The Six Laws of E-culture

The Six Laws of E-culture

By Jeff Gray and Ben Ortlip

In 1990, Peter Senge introduced us to the concept of the learning organization.

Ever since, it has been the holy grail for CLOs and HR managers. Evangelists for the concept have been busily authoring leadership models, installing turbocharged LMSs, investing in knowledge management systems, building repositories for best practices, tweaking performance management systems, and fostering cultures of trust.

But Senge never warned us about the Internet. Or mobile devices. Or how Flash won’t work on an iPad. He also didn’t mention that vast portions of our human capital would begin drifting in and out of contact as they dog-paddled their way through a sea of new technologies in a workplace gone virtual. Somehow, the tools designed to link us together haven’t quite patched the personnel holes that have sprung up since setting sail from the harbor of the traditional workplace. Many of the companies that were role models for learning and development in the 1990s have struggled. And the number of truly effective learning organizations has grown shockingly small. But lately, they’re making a comeback.

The companies that are leading the resurgence have successfully integrated the latest technologies into their internal communication framework. In the process, they’ve proactively opened up the diverse channels that enable information to flow within the company. Here are six principles that outline the process.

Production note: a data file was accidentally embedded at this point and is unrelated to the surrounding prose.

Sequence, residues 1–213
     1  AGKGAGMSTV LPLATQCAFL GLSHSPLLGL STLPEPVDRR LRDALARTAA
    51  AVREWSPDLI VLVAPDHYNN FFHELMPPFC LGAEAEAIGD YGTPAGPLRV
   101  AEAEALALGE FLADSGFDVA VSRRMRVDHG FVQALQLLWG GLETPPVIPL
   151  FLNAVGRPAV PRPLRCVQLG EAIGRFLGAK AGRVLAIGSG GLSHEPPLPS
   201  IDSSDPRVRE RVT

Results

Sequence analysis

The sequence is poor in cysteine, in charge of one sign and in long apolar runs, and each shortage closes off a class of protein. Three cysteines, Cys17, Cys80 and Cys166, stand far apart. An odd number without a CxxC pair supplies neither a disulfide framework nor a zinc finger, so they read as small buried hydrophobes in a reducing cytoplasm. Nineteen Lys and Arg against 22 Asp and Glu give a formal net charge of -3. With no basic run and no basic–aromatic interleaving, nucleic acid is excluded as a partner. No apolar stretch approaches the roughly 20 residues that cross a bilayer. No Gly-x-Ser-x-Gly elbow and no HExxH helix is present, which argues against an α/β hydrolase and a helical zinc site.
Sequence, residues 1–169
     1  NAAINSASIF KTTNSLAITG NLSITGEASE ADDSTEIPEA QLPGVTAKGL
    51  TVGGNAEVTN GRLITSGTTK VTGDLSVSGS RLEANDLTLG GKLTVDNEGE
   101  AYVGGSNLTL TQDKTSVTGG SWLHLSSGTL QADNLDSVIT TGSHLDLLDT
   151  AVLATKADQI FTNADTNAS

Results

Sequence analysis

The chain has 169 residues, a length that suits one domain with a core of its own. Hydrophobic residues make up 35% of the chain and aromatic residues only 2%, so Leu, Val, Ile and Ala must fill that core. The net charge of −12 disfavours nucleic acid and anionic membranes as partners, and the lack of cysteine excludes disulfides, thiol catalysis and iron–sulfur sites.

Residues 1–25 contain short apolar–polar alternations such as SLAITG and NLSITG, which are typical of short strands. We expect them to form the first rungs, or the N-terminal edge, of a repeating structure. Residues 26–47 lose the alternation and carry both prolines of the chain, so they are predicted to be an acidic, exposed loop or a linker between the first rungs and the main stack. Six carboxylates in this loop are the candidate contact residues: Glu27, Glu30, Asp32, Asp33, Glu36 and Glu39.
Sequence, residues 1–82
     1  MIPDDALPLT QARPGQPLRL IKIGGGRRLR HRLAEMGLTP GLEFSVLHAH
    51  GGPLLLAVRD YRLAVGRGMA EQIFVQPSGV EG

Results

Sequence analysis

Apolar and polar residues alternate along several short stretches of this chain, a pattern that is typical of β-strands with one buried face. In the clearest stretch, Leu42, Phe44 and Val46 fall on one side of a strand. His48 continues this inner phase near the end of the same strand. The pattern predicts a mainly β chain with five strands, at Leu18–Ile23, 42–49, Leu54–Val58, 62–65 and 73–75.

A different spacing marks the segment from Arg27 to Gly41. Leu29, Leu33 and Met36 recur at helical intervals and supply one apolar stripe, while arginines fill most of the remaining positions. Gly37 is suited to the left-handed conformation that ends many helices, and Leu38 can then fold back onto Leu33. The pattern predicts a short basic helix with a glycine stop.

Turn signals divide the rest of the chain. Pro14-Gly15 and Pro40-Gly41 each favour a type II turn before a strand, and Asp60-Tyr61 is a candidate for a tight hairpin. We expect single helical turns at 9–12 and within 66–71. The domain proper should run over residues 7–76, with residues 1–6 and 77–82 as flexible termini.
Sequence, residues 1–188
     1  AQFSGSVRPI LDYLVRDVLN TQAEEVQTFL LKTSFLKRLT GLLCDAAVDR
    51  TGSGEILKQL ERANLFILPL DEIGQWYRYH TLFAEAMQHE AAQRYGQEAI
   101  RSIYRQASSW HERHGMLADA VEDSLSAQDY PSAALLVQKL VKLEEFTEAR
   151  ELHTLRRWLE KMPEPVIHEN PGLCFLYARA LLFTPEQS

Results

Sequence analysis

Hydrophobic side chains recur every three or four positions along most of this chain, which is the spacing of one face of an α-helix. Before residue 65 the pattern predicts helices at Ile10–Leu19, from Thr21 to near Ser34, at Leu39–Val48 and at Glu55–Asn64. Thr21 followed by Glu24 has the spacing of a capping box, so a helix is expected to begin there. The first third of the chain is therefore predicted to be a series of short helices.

1) Re-think the screen.

In the beginning, people came to the screen. Therefore, whatever got

published in an email, a website, or a corporate video went directly into the consciousness of the worker, either through the ever-present desktop computer or the television in the front of the meeting room.

Then along came mobility. Instead of going to a screen, the screen now fits in your pocket or slides in that little outer pouch of your carry-on bag. To put it bluntly: If you build it they won’t come. Today as much as 90 percent of digital consumption takes place over a four-inch screen. It’s like rolling up a 50-page PDF and jamming it into a tiny square hole. It’s enough to deter the best employee from pursuing continuous improvement or going blind trying.

2) Know thy worker.

In marketing speak, each person in the organization is like a customer. These days, they no longer watch prime-time TV or listen to the radio. Our job is to find out where they live and reconnect them with our message. We work with several franchise groups whose people are as role-diverse as they are geographically dispersed. And yet, they’re able to maintain a vibrant centralized culture. It all starts with a mini-ethnography of the entire company. We find out where they live, how long they commute, what technologies they embrace, and where they’re most likely to find and share information. That enables us to design a channel mix and a media mix that meets users where they are. Until you understand their natural behaviors, you can’t influence learned behaviors.

3) Content is king, but infrastructure is god.

Only when information is accessible do ideas become adoptable. If your people can’t get to it, then it might as well not exist. Accessibility is an expectation today. But in the corporate arena, few global companies are on par with the accessibility their workers experience in their personal lives. In the U.S., more than a quarter of all mobile Web users are mobile-only. Accessibility and mobile are converging quickly into one common idea.